The biggest challenge before the present AASU leadership is to draw lessons from the six-year anti-foreigners agitation and take into account the socio-political changes that have taken place in the past 25 years while arriving at a definition for Assamese people. It will not be easy, particularly in the backdrop of the identity-based autonomy movements of various tribal groups. The Bodos and the Karbis have revived their statehood demands, while other tribes such as the Rabhas, the Tiwas and the Mising seek upgraded autonomous councils under the Sixth Schedule of the Constitution. Six communities – the Koch-Rajbangshis, the Tai-Ahoms, the tea-tribes, the Morans, the Mataks and the Chutias – want Scheduled Tribe status. The Assam Accord promised to protect the tribal belt and blocks from encroachment, but the government has failed to implement the relevant provisions under Clause 10.

2) Frontline view on Gen. Than Shwe's visit Linky

The most important agreement signed during the Than Shwe visit was the one on mutual legal assistance. Under the agreement, members of Indian insurgent groups held in Myanmar can be deported to India to face trial. Many separatist fighters wanted in India are currently in custody in Myanmar.
The earlier military regime under Gen. Ne Win had kept both India and China at arm's length. The Myanmarese elite have always been suspicious of the motives of the two big neighbours. But after the events of 1988 and the subsequent warming of Sino-Myanmarese ties, northern Myanmar was opened up to Chinese trade in a big way by the mid-1990s. India feared that the Chinese influence in Myanmar was spreading by the day.
India's “Look East” strategy had started under the P.V. Narasimha Rao-led Congress government but it was the Bharatiya Janata Party-led National Democratic Alliance government that took the first concrete steps to implement it. Normalising relations with Myanmar was seen as essential for India to leverage its geopolitical proximity to the South-East Asian region. The then Foreign Minister Jaswant Singh started the process by making two visits to Myanmar in 2001 and 2002. The first visit was to inaugurate the India-Myanmar Friendship Road, and the second was to start talks on building the ambitious Trans-Asia highway project. High-level military contacts started in 2000 when the Indian Army chief met with his Myanmarese counterpart. India has since started supplying Myanmar limited amounts of weaponry, and providing training to military personnel from that country. Myanmar was crucial to the Indian government in view of the BIMST-EC (Bangladesh, India, Myanmar, Sri Lanka and Thailand Economic Cooperation) and the Kunming Initiative, an effort involving India, China, Myanmar and Bangladesh. These developments took place although India's Defence Minister at the time, George Fernandes, was a vocal supporter of the Myanmarese democracy movement. The residence of the Minister was for a long time the unofficial headquarters of exiled student activists from Myanmar who had spearheaded the movement for the restoration of democracy.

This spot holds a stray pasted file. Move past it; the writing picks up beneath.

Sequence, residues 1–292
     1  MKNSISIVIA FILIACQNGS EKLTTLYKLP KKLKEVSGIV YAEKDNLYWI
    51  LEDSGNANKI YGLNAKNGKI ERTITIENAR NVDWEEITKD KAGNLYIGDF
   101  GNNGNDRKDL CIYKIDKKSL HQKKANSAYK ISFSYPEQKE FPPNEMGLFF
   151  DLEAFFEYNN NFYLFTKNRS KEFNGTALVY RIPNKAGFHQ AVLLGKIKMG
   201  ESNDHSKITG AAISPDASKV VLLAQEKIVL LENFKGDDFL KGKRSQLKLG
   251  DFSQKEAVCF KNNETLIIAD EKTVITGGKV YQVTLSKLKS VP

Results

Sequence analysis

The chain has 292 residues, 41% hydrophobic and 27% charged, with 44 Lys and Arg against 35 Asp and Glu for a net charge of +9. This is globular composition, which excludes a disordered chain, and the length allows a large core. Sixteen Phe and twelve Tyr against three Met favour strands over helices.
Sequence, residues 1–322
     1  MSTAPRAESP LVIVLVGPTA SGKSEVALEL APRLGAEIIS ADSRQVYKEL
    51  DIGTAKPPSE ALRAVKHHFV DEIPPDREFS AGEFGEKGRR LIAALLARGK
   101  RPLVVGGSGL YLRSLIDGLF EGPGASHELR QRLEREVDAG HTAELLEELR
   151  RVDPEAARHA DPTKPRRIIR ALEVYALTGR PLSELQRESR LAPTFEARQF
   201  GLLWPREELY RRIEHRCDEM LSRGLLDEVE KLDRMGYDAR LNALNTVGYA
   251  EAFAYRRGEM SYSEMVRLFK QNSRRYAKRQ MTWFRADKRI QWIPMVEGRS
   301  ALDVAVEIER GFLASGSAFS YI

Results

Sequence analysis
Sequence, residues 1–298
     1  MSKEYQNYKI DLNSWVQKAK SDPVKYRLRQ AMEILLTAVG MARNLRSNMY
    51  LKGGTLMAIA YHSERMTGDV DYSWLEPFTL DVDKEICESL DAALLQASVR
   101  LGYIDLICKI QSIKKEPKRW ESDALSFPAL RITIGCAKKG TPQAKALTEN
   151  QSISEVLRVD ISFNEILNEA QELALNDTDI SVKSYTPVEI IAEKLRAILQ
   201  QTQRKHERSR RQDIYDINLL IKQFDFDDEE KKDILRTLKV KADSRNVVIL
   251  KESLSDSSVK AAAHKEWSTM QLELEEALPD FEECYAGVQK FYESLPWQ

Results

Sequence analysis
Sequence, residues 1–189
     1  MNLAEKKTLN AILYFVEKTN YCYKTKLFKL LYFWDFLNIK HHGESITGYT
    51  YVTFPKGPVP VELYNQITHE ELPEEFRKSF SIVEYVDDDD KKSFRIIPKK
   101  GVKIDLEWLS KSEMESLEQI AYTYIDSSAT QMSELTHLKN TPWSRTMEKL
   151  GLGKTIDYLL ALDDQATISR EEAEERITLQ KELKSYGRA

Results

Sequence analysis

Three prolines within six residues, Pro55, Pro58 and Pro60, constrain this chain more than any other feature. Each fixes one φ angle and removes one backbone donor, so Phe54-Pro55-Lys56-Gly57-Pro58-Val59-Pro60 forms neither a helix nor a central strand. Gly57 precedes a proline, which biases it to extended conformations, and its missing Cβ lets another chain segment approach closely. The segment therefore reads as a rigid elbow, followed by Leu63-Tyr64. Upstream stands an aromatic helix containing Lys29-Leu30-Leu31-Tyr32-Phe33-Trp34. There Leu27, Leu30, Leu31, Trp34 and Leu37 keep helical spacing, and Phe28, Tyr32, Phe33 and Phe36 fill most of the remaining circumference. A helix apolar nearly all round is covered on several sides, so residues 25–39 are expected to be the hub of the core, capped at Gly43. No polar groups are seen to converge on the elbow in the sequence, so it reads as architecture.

The agreements signed between the two countries coincided with the Obama administration's renewal of sanctions against Myanmar.

3) From SATP: Bheda act of the Sama, Dana, Bheda, Dand routine -- borrowing Col. Hariharan's words.

Quoting the insiders of the Unified Communist party of Nepal-Maoist (UCPN-M), Kantipuronline reports that the two groups led by Pushpa Kamal Dahal aka Prachanda and Baburam Bhattarai will spur heated discussions in the upcoming Central Committee of the party. The Central Committee (CC) meeting scheduled for August 10 has been postponed to August 11 on the ground that more time is needed for completing preparations for the event. Both factions of the leaders supporting Chairman Prachanda and Vice Chairman Baburam Bhattarai are impatient to “vent their ire” against each other. “The meeting is likely witness heated discussions and is also expected to thrash out several crucial issues,” said a Maoist leader. Both Dahal and Bhattarai have serious disagreements over several crucial issues pertaining to internal party politics, Government formation and the peace process. Further, UCPN-M spokesperson Dina Nath Sharma said, on August 10, his party chairman and Prime Ministerial candidate Prachanda is ready to withdraw his candidacy for the Prime Minister provided other parties agreed to amend the Interim Constitution to revive the system of consensus Government, reports Nepal News.

Seems like a last-gasp move by prachanda to forestall Baburam Bhattarai's "inevitable" rise.

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At March 13, 2012 at 5:24 AM , Blogger jamesanderson said...

Fantastic article about Nepal.I am interesting in reading your article about visit to Nepal. I wanted to leave a little comment to support you and wish you a good continuation. Wish you best of luck for all your best efforts.keep sharing such a fantastic information.